Since 1999, the Arizona K12 Center has dedicated itself to advancing the practice of teachers throughout Arizona. Our goal has been simple: to help teachers, no matter where they are on the teaching continuum, to advance their practice. We have spent the last 20-plus years supporting the newest members of the teaching profession to our most experienced and accomplished teacher leaders. This week, we launched the Arizona Teacher Residency!
Starting in our communities of greatest need, the Arizona Teacher Residency is designed for those who have already graduated with an undergraduate degree interested in becoming K-12 teachers. In the residency model, students (a.k.a. residents) are in classrooms from the first days of school to the last day. They work alongside an exemplary teacher in their residency year while taking coursework. By the second year, while continuing with coursework, they will be the teacher-of-record in the partnering district with induction and mentoring support from the Arizona K12 Center. What sets this program apart from other residencies is the support of the Arizona K12 Center at Northern Arizona University. By the second year, residents will have access to quality induction and mentoring support. This support will continue in their third year and beyond with access to professional learning opportunities grounded in high-leverage practices. The teacher residency model is about creating another path for people to pursue a teaching career that is grounded in practice from the first day.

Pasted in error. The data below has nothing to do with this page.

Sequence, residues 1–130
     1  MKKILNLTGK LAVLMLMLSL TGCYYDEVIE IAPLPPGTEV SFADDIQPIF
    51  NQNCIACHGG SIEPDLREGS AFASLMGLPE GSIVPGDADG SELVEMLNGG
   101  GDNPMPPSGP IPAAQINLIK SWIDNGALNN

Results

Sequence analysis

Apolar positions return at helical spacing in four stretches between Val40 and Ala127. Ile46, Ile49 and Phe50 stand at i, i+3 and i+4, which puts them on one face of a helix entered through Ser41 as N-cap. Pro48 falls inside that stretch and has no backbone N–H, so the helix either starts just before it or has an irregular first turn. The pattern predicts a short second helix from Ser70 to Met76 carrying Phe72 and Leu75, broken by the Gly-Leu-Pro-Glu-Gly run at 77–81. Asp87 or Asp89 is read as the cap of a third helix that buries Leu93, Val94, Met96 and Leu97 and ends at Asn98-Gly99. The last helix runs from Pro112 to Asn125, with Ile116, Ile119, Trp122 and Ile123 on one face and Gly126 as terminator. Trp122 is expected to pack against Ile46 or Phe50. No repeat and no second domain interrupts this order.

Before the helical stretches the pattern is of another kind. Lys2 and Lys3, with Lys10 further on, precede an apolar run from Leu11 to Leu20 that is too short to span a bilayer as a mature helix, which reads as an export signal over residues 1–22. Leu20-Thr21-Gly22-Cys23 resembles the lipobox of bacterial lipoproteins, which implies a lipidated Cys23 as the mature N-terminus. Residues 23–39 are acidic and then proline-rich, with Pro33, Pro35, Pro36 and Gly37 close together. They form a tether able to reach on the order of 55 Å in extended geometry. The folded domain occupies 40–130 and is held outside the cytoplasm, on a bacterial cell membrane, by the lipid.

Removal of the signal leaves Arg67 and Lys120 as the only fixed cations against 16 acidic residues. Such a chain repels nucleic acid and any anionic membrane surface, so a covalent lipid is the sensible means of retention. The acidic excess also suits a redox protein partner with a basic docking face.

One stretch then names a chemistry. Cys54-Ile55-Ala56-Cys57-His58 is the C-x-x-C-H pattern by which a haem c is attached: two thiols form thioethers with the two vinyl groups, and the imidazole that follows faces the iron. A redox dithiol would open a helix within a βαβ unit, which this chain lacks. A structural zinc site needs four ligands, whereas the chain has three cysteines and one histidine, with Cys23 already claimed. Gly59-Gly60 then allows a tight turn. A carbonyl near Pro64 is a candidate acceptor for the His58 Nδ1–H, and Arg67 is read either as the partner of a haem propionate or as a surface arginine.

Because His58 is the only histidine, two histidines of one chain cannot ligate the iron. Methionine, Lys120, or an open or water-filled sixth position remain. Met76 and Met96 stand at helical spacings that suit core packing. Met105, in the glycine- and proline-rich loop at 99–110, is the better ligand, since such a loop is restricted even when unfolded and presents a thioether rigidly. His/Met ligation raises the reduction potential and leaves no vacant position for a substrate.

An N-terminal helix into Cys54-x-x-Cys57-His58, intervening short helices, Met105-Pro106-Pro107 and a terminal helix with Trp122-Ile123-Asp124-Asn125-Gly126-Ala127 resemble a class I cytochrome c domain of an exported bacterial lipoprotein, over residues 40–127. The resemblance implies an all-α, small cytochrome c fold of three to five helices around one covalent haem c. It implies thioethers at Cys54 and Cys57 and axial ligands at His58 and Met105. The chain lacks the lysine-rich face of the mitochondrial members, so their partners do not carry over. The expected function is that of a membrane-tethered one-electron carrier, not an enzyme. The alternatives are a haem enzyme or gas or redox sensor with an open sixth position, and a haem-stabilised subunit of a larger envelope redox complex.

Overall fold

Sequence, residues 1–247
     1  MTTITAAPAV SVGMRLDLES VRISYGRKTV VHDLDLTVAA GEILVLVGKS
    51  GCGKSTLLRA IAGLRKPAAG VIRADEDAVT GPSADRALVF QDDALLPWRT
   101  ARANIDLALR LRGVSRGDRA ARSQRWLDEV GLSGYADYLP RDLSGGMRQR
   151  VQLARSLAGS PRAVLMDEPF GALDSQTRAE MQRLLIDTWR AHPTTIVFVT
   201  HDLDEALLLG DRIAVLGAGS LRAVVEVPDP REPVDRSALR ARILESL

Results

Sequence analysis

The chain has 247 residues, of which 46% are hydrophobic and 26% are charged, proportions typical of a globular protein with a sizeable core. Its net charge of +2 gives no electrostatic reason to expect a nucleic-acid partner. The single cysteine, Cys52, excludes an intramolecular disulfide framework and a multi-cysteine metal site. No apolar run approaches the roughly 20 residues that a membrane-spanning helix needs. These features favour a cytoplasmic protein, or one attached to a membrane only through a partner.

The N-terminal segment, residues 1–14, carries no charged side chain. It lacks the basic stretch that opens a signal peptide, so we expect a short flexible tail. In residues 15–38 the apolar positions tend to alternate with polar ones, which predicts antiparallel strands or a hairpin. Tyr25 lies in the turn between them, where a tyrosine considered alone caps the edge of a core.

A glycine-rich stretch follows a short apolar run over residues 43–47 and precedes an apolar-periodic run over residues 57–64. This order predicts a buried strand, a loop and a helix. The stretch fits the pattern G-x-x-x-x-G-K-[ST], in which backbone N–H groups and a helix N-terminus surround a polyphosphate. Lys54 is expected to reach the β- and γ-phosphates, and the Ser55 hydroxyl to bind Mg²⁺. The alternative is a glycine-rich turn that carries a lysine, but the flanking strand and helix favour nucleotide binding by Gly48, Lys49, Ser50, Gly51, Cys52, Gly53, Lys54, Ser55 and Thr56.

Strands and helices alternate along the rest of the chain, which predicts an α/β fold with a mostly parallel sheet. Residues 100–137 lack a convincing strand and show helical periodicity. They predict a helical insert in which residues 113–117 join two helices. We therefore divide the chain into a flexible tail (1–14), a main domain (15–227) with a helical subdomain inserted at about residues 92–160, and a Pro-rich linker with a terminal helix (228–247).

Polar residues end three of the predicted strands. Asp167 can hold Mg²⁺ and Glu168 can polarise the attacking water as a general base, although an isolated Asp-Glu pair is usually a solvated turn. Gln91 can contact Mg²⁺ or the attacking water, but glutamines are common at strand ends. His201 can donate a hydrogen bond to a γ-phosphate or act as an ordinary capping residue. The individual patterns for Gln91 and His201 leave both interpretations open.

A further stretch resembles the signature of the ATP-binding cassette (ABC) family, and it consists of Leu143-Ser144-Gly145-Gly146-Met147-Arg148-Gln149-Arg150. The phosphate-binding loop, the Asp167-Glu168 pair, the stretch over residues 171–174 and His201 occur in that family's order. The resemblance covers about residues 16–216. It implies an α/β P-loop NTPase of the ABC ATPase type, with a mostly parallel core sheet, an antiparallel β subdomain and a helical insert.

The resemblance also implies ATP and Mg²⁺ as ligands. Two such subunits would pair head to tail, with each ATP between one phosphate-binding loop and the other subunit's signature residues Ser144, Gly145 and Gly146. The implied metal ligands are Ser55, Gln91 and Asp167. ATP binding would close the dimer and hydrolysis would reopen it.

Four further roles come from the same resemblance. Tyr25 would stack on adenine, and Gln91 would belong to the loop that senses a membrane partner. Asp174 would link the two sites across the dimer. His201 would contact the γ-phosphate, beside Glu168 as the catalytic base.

Our plan is to leverage what already exists to make this a budget friendly opportunity for the resident by covering their tuition and providing them a cost-of-living stipend in their first year. By the end of their second year, residents will have a master’s degree in education from Northern Arizona University. Equally important, they will have access to the services and resources of the Arizona K12 Center as well as an opportunity to connect with the larger community of practitioners.